Now What? (Outlines)

About a month or two ago, I had spoken with someone about outlines. They were tossing around some story ideas and was wondering if I used outlines. I’ll give my answer in a little bit, but first I want to discuss pantsing and plotting, and whether or not outlines are necessary. This is something many writers ponder and try to decide.
Pantsing
Admittedly, this term is new to me, but the practice of it is not. Pantsing is writing a story without an outline, thus flying by the seat of your pants. For the longest time this is how I wrote. I would get a story idea and just run with it. Pantsing gives you a little more flexibility when you’re writing, since you don’t have a structure to work with. The bad part of pantsing is that you don’t have a structure to work with. Some writers can do this and pull it off very successfully. Reportedly, Stephen King is a pantser and he’s very successful, so it does work for many writers.
Plotting
This was the bane of my existence in high school when I was assigned long essays to write. Plotting by using outlines can be tedious and time consuming, but it gives you direction and a better understanding of your story. Remember earlier when we talked about enjoying the journey? By using an outline you enjoy the story because you’re taking the time to get to know it and your characters and situations.
What I think people get caught up in when they think of making an outline, is that they have to have every little thing planned out. That doesn’t work with most writers because they want the creativity to flow. As a pantser, I didn’t want to have everything planned out but I did have certain scenes in my head or events I wanted to write about. This is what outlining should be. Every author that outlines acknowledges that they seldom stick to the outline. It goes all over the place, but they have the structure, that skeleton, to look back on and get an idea as to where they wanted to go with it.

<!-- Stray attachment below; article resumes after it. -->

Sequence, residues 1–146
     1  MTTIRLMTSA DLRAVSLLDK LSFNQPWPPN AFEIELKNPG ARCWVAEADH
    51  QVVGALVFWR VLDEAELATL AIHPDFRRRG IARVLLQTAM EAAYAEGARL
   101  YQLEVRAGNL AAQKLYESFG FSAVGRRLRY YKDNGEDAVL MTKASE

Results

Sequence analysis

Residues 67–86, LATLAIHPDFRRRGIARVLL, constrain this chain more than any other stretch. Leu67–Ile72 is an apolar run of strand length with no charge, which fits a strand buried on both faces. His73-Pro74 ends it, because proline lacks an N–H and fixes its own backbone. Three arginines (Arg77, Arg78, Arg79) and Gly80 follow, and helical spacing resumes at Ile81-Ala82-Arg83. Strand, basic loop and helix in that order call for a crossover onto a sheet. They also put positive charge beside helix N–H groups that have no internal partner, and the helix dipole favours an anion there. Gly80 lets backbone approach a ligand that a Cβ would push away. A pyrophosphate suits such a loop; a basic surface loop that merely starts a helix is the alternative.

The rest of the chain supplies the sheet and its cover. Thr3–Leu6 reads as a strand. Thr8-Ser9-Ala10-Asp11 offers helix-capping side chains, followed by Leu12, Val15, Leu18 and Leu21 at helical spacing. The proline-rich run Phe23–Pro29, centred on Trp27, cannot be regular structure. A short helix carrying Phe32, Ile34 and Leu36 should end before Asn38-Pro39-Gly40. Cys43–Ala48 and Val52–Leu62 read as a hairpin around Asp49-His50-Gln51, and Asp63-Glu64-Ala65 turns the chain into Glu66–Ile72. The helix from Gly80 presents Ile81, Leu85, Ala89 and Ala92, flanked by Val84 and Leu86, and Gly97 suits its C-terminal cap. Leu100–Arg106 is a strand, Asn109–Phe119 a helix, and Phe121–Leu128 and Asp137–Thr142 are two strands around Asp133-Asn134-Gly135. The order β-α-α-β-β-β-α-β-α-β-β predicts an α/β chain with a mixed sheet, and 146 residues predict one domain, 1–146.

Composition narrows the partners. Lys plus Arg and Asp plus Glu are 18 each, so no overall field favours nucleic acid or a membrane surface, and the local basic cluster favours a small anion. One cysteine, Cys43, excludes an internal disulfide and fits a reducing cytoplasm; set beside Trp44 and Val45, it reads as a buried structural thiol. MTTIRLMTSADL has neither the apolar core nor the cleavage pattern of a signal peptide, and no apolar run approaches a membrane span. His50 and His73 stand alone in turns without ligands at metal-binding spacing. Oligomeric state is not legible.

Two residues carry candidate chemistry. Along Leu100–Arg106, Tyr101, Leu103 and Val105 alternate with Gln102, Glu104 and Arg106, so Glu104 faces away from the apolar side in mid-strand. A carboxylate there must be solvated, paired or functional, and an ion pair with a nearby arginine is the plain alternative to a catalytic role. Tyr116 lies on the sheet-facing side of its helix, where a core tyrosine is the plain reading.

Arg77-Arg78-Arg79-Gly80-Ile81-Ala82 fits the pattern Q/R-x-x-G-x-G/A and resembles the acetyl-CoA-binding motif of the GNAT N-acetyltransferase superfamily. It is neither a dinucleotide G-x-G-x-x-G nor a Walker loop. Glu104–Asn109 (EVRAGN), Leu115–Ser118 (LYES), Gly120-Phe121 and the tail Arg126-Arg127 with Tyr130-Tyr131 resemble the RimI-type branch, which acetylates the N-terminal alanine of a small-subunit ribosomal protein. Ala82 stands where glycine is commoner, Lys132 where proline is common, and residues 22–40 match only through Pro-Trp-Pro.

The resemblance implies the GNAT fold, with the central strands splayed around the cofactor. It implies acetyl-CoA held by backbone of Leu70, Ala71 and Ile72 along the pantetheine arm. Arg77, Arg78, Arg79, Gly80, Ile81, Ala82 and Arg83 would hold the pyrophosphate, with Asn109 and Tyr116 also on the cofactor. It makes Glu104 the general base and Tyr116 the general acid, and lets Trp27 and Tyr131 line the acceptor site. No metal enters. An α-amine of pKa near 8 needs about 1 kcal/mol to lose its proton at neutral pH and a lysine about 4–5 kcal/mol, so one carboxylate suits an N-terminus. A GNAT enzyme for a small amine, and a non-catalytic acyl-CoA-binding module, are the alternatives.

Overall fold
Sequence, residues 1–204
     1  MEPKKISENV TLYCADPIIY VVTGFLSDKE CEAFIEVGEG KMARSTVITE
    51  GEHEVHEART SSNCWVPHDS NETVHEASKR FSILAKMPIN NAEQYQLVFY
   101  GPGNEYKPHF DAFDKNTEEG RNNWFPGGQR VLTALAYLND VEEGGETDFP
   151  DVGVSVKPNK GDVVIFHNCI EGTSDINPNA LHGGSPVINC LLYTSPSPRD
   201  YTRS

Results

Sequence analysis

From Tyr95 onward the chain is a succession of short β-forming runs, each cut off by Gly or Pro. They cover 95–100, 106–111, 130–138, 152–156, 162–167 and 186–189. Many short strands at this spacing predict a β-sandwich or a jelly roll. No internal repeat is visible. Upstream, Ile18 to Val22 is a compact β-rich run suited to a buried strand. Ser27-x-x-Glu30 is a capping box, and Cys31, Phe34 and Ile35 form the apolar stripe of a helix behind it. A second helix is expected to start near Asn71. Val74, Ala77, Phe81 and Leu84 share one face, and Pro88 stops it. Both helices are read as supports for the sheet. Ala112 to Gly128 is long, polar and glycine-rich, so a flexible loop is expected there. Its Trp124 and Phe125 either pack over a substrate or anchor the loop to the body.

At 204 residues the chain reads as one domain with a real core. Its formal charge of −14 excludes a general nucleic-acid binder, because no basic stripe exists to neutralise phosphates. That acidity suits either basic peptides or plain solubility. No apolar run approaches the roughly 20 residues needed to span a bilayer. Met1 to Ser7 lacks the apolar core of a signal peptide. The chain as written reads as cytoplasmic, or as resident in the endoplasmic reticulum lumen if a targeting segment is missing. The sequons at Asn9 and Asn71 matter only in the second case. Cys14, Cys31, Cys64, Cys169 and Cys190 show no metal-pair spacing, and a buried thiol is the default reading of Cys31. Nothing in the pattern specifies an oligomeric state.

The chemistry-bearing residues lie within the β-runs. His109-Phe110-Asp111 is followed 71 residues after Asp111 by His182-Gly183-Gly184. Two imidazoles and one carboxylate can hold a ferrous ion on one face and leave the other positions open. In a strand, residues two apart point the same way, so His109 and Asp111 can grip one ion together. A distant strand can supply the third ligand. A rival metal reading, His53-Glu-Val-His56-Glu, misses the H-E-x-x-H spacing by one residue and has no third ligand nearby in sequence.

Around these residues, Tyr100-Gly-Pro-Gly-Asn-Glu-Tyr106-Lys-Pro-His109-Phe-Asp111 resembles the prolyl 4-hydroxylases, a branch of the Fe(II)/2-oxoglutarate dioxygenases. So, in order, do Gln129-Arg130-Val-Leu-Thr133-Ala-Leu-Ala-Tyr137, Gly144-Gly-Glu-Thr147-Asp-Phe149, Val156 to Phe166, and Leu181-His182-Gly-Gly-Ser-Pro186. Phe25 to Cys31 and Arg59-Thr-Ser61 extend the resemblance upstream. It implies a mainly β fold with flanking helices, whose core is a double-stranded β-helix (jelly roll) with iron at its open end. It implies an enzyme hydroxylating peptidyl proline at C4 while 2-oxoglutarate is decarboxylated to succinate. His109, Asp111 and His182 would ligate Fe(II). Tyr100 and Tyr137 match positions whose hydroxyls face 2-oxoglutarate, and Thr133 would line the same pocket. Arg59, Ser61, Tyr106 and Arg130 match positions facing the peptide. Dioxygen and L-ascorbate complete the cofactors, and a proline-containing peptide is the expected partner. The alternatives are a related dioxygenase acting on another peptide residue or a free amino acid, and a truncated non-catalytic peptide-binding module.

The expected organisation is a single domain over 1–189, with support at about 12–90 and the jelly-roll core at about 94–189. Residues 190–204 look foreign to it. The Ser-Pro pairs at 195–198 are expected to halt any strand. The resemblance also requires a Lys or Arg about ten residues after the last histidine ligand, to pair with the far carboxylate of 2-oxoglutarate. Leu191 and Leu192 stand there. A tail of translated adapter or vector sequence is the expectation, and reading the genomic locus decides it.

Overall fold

It was explained to me like this: in a story, you have beats. Things you want to hit; for me, it was scenes and/or events. Those are the things you most certainly want to hit, just like in music, and so you write those down, then let creativity fill in the blank spaces. What I do, is I write the basic outline with my beats and I write it in such a way that it almost sounds conversational. Like I’m telling someone in passing what my story’s about. That gives you a pretty good grounding for writing.
What outlining also does, is paves you a pretty clear road for writing, so you can get the story done faster. You’ve enjoyed the story in making the outline and thinking about it in every light, so get it done and share it with the world. I was once a pantser but now I’m leaning towards the idea of outlining my stories and hopefully get more projects done at a quicker pace.
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